Vaginal Cancer

The vagina is a muscular tube, which can stretch to allow childbirth. It is lined by a thick membrane which is also covered by squamous epithelium.

Primary cancer of the vagina accounts for only about 2% of gynaecological cancers, although the vagina is more commonly involved with secondary spread of cancer from the adjacent cervix or vulva. Most women with vaginal cancer are postmenopausal and 95% of vaginal cancers are squamous cell carcinomas. Many of these cancers are caused by HPV infection and about 30% of women with vaginal cancer will have a prior history of cervical precancer [CIN] or cancer.

A woman with early vaginal cancer may have no symptoms and her cancer may only be detected by Pap testing. As the cancer grows, it will cause abnormal vaginal bleeding and discharge. This may include bleeding after intercourse (post-coital bleeding). If it continues to grow, it may invade into the bladder or rectum and cause pain or urgency when urinating, or pain when passing a bowel motion. It may also spread to lymph nodes in the pelvis or groin and cause pain.

Diagnosis requires a biopsy, which can usually be done in the clinic under local anaesthesia, but may need to be performed under anaesthesia (Examination under Anaesthesia or EUA). An EUA will also allow an assessment of the local extent of the cancer, including looking into the bladder (cystoscopy) and into the rectum (proctoscopy). Imaging will usually include a CT or MRI scan.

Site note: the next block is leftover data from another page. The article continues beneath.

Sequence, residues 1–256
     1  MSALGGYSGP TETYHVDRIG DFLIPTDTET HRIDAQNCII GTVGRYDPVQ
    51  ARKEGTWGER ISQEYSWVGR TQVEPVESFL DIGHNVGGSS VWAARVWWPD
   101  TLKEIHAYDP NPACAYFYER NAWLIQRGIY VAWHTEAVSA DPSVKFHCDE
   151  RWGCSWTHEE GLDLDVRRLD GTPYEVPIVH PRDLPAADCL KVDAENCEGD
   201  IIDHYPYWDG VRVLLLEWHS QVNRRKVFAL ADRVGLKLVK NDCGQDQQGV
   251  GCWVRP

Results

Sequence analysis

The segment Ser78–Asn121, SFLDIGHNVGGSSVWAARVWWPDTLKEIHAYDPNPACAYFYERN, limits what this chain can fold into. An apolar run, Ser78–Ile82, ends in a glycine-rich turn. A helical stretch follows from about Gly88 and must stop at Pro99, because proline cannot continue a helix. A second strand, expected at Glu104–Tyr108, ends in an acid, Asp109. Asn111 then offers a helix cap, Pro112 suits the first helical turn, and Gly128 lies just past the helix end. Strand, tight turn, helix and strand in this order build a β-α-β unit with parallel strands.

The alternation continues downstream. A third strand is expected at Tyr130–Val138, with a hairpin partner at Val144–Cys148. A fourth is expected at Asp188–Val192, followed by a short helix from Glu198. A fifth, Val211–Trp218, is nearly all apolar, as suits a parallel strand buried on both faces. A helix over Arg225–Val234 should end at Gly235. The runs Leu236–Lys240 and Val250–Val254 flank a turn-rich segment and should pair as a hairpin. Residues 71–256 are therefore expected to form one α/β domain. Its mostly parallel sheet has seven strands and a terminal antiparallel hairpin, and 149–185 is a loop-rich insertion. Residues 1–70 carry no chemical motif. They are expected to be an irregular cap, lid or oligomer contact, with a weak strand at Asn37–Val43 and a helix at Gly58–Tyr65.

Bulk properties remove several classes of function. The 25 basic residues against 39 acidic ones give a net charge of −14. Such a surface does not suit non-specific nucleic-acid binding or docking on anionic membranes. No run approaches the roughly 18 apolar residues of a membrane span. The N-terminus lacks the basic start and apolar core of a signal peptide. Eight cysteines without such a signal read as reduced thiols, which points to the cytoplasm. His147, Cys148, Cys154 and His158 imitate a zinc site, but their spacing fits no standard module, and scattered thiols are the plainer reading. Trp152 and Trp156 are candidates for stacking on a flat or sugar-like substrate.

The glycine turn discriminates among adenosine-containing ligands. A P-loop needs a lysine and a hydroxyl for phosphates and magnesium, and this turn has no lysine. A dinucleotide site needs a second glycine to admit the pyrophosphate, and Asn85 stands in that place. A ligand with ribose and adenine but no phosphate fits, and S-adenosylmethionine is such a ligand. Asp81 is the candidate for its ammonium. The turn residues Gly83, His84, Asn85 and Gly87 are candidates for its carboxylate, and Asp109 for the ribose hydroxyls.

• Stage 1 means the cancer is confined to the vaginal wall.
  • Stage 2 means the cancer has extended outside the vaginal wall, but not to the pelvic sidewall.
  • Stage 3 means that the cancer has extended out to the pelvic sidewall.
  • Stage 4 means the cancer has invaded the bladder or rectum (stage 4A) or spread beyond the pelvis, e.g. to the lungs (4B).


The close proximity of the bladder and rectum almost invariably makes it impossible to treat a woman’s vaginal cancer surgically. She is therefore treated with chemotherapy and radiation [chemoradiation]. She will typically receive external beam pelvic radiation daily Monday-Friday for 5-6 weeks and cisplatin weekly during this treatment. The cisplatin sensitises the cancer cells, making the radiation more effective. At the completion of the external radiation, she will be treated with brachytherapy.


The overall 5-year survival rate for vaginal cancer is about 50%, but if diagnosed while stage I, the survival is about 90%.